Fair And Balanced Media, continued

There’s no conspiracy, friends and family say whose beliefs align with those self-identifying Democrats who work for the news media. I’ll concede the point, but at the same time, I think it’s essential to note that these non-conspiratorial media folk are not hiding their own opinions, and their opinions are liberal.

Media, of course, includes the various types of entertainment TV, and in this area, where apparently there is no FAA requirement for equal time, the Democrats are making the most of the existent bias.

Back in April Fox News reported that First Lady Michelle Obama already had more TV appearances than any of her predecessors in the first four years in the White House. Laura Bush, with her literacy program, tallied twelve TV appearances. Mrs. Obama? Forty-four. And still going strong.

Since the end of the two political conventions, she made “her first visits to ‘The Dr. Oz Show’ and ‘Rachael Ray’ for appearances that will air in September” and “her third appearance on the ‘Late Show with David Letterman.’ ” (Washington Post)

Obama’s appearances are working for her, [Doug] Schoen [a Democratic political strategist] said.

“I think Michelle Obama is a terrific asset for the president,” he said.

[Dan] Gainor [of the Media Research Center] had no quarrel with that claim, but said it’s all about the 2012 race.

Michelle Obama gains “an overwhelmingly amount of positive coverage” from being on these shows, said Gainor, who also added that these appearances allow her to campaign for her husband.

“What she’s doing is political,” said Gainor. “She’s getting her face out there because it’s an election year.” (see “Michelle Obama becoming the most televised first lady” by Bree Tracey)

Is it any wonder, then, that with a 69 percent favorable rating, she has replaced Hillary Clinton as the most popular national political figure? (See “Poll: Michelle Obama and Ann Romney more popular than their husbands” by Alicia M. Cohn)

But what about Ann Romney? Apparently she’s been on Entertainment Tonight, but primarily her interaction with TV has been a clash with Hilary Rosen over stay-at-home moms, a jab by the executive producer of Modern Family and critiques of what she wears based on how much her outfits cost.

What’s the average person to do with this? First, realize that, sans conspiracy, the media is still all about forming public opinion. There’s a reason David Letterman invited Michelle Obama onto his show three times. There’s a reason pundits talk about how expensive Anne Romney’s clothes are instead of what she said when she was speaking. Granted, she got coverage when she spoke at the RNC, but it was short lived.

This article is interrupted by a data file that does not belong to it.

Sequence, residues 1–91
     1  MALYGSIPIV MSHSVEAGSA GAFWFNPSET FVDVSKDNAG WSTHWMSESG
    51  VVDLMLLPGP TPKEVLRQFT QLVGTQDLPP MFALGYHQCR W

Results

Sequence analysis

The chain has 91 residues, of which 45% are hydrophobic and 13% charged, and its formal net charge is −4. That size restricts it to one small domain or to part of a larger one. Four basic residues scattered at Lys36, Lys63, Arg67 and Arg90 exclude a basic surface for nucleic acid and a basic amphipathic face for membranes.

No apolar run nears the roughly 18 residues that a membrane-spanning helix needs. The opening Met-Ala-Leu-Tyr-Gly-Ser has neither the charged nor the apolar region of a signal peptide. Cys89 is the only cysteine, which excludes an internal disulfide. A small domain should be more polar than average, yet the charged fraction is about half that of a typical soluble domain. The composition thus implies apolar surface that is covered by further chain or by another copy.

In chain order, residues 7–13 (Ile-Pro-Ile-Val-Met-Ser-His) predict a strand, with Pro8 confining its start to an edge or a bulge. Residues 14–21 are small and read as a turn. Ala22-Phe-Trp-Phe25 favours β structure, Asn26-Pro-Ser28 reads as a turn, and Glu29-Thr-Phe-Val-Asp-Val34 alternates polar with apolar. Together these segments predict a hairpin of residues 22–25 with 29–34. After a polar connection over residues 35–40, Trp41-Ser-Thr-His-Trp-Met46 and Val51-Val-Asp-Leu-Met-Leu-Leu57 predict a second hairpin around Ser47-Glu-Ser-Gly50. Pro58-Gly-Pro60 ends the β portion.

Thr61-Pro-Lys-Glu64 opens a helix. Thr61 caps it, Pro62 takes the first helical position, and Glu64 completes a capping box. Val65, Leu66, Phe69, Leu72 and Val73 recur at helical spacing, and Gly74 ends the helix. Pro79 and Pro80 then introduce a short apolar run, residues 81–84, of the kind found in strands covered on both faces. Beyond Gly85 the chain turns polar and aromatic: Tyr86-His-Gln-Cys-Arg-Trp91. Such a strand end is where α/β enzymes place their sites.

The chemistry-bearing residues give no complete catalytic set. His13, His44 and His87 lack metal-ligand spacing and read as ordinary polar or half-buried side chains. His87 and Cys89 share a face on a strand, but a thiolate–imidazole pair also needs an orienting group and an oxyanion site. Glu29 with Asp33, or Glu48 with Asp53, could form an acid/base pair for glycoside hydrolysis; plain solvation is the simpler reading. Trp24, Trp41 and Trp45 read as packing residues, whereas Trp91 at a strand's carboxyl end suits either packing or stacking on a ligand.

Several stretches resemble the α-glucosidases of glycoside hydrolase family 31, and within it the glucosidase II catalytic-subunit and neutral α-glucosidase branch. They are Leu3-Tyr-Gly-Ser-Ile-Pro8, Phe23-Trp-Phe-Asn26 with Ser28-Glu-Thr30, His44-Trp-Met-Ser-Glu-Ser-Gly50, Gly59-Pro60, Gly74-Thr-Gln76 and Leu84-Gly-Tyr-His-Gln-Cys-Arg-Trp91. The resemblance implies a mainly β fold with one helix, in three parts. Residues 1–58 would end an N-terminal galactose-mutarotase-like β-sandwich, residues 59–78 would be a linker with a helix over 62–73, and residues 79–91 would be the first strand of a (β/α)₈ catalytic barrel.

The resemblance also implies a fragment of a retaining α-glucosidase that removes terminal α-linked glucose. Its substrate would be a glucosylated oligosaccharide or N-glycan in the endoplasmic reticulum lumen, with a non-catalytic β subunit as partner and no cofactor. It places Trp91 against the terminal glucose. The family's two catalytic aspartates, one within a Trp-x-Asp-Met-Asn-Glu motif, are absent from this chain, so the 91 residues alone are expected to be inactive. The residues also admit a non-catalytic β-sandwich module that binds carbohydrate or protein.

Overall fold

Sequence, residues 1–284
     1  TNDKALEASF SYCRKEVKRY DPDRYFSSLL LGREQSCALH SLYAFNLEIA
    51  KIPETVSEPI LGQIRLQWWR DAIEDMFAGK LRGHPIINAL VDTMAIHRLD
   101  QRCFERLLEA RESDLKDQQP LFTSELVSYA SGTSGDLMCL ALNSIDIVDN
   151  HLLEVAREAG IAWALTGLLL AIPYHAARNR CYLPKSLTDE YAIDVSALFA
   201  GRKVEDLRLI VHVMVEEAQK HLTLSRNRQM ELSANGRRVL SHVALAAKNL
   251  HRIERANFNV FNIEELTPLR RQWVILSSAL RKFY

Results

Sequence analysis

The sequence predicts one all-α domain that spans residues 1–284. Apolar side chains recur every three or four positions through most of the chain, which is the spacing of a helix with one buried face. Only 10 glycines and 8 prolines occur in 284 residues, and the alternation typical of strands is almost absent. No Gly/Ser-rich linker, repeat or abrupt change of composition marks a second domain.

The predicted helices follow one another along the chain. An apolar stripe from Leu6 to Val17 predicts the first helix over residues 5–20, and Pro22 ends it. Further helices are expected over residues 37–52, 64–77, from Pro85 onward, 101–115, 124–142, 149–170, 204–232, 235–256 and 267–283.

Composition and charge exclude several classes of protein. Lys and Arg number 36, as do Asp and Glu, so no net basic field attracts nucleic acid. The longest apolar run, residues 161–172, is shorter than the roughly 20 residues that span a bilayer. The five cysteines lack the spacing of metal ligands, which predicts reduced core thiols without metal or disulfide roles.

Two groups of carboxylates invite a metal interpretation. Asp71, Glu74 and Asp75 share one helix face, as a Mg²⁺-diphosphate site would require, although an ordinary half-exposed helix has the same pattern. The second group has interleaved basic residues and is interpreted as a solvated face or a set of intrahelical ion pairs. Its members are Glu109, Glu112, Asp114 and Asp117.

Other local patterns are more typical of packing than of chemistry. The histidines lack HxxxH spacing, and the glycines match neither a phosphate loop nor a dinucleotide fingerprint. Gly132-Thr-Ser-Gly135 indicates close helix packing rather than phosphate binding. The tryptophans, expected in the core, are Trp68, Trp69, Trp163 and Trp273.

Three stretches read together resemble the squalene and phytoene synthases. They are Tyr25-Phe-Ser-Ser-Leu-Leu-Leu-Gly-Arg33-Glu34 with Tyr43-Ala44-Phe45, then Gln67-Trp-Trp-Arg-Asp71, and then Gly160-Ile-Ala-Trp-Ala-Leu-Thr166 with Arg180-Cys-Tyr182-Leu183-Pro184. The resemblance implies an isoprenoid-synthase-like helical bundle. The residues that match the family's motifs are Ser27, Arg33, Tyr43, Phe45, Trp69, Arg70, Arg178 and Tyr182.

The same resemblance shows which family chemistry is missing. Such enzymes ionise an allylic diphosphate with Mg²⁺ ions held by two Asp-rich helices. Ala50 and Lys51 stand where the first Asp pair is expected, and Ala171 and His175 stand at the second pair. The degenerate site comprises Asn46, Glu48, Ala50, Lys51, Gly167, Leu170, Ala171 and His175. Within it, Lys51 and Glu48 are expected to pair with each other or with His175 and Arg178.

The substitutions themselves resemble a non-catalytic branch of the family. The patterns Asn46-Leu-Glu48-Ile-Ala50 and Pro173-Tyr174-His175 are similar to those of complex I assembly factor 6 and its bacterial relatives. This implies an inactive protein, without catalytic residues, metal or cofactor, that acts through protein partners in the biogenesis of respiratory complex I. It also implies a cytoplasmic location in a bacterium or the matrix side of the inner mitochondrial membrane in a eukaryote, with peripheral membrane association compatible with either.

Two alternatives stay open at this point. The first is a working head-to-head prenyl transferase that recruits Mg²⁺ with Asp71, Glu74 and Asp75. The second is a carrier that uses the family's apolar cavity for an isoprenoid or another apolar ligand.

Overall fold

So far I haven’t seen her name mentioned in the promos for the talk shows, day or night. Maybe I missed it.

Second, I think the average person can appreciate what Mrs. Obama is doing for her various causes, but weigh those, along with her likable personality, against her positions on marriage, life, size and role of government, and so on. One issue ought not sway a person to believe every word that person says is gospel.

Third, I think it’s judicious to ask questions of those who are criticizing Mrs. Romney. For example, is it their usual practice to discuss the cost of the clothing speakers wear? Did we hear how much Mr. Obama’s suit cost? Or Vice President Biden’s? Or any of the other women, for that matter, who stood on the platform at the DNC?

Apparently I’m not the only blogger who has noticed the different ways the media treats the wives of the two Presidential candidates. This from Independent Women’s Forum:

First Lady Michelle Obama wore a jacket with a $6, 800 pricetag to a Buckingham Palace reception Friday night [July 27]. I could care less and hope that she enjoyed it.

Still, it is difficult not to notice the wildly different treatment the press accords to Democrats and Republicans in these matters. Remember when Ann Romney showed up in a $990 T-shirt to be interviewed on TV? The press went crazy—it showed how out of touch the rich Romneys are (as opposed to how in touch with regular folks the rich Obamas are). (“A Tale of Two Tops” by Charlotte Hays

Maybe there’s no media conspiracy, but that doesn’t mean there’s no media bias. Viewers and voters would be wise to beware.

Published in: on September 13, 2012 at 6:52 pm  Comments (3)  
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